It continues with arriving in Casablanca, three girls (and a four-year-old) eating cupcakes (real cupcakes, with chocolate and cream cheese frosting), and with checking into Hotel Yto.  The room: 204.  The mission: find a way to spend the next 5 hours before we decide to go out.  Given that we have two mega-beds, two bedrooms, and television, the mission is easily accomplished.  Dinner: tagliatelli. With real ham.

There's a bar downstairs of Hotel Yto. It's got a Guinness sign, a British phone booth, a bus sign, and crocodiles tacked to the ceiling.  There's a pint of Guinness, there's Heineken beer, and there's Precision beer.  A stuffed grouse, goose, bird looks at me with beady eyes.  A bow and arrow is angled right at my head. There's a 20 something year old grinding on someone's lap.  I continue to watch Sting in concert on the television.

We go to Ain Daib, Boulevard de la Corniche, THE tourist place to party, according to Lonely Planet.  Our taxi driver Aziz chats with us, and we in turn manage to haggle the price to 50 dirhams, the "usual" cost of a ride.  We take his phone number so that we have a way to head back when the clubs close around 5am.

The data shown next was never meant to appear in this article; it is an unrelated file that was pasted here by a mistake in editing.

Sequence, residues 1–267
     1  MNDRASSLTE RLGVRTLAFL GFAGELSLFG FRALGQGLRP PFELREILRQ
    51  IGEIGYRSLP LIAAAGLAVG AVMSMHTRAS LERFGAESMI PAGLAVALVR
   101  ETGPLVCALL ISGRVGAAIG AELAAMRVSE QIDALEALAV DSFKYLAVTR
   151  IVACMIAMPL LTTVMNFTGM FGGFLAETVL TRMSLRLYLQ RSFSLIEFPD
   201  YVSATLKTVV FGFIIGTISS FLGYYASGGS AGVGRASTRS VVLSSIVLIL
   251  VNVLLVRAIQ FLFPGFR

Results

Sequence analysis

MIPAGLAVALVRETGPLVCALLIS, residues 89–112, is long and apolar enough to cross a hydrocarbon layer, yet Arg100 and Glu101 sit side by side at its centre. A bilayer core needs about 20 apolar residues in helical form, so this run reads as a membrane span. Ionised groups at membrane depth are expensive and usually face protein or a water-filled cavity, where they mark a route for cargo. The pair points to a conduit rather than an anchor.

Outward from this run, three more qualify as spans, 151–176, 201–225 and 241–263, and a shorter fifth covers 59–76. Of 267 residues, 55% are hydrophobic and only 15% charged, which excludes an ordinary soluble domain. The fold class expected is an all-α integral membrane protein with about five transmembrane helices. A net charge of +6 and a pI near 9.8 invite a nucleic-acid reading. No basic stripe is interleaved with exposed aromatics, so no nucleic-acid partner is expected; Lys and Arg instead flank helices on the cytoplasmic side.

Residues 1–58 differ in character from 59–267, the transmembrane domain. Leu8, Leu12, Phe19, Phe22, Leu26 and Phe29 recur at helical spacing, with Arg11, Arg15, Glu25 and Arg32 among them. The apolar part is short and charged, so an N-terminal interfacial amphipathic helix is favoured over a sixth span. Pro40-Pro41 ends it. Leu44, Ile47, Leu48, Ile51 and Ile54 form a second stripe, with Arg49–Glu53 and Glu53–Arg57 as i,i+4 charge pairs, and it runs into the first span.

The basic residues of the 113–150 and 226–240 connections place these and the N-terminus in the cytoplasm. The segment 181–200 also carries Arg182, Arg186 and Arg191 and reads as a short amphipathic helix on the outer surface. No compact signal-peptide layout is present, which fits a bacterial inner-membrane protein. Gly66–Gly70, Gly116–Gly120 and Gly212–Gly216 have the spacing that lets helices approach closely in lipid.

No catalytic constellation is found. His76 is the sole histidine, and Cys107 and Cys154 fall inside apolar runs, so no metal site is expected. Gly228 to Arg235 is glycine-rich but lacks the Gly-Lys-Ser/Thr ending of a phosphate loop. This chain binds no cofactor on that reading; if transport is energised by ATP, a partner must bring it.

The first club is Empire.  I was invited to this club by the promoter last time, but it just didn't work out.  The club is mostly empty, since they've just opened.  We get our drinks and sit, bobbing along to some music.  There's a pole and I take a spin on it.  The bar gets lit on fire with ethanol or methanol or whatever it is that burns brilliant blue.  After people watching, talking and laughing, we decide to go dancing.  The bartender (a stunningly slender woman, who seems genuinely surprised that I speak French, who smokes cigarettes, and who wears a black Union Jack tank top over denim shorts) clears out our tab and then, without saying a word, pours us new drinks.  We stare in confusion and shrug.  Turns out, it's on her, on the bar.  We grin: free drinks for the ladies? Oh yeah.